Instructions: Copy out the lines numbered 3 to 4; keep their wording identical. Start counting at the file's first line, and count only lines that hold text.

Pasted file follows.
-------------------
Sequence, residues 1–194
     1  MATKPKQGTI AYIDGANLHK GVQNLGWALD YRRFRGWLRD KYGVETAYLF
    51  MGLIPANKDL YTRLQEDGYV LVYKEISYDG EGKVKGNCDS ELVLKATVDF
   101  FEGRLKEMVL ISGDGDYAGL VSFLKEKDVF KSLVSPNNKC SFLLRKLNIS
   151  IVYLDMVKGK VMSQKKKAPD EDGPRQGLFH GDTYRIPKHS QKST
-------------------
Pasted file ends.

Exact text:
    51  MGLIPANKDL YTRLQEDGYV LVYKEISYDG EGKVKGNCDS ELVLKATVDF
   101  FEGRLKEMVL ISGDGDYAGL VSFLKEKDVF KSLVSPNNKC SFLLRKLNIS